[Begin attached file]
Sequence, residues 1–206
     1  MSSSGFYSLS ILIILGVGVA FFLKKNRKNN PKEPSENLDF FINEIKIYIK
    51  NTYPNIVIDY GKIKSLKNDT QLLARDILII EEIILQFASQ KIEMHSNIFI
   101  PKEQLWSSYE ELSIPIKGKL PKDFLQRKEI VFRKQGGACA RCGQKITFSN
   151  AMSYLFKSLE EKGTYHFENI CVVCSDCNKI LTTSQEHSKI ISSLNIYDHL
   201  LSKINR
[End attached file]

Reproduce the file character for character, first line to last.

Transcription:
Sequence, residues 1–206
     1  MSSSGFYSLS ILIILGVGVA FFLKKNRKNN PKEPSENLDF FINEIKIYIK
    51  NTYPNIVIDY GKIKSLKNDT QLLARDILII EEIILQFASQ KIEMHSNIFI
   101  PKEQLWSSYE ELSIPIKGKL PKDFLQRKEI VFRKQGGACA RCGQKITFSN
   151  AMSYLFKSLE EKGTYHFENI CVVCSDCNKI LTTSQEHSKI ISSLNIYDHL
   201  LSKINR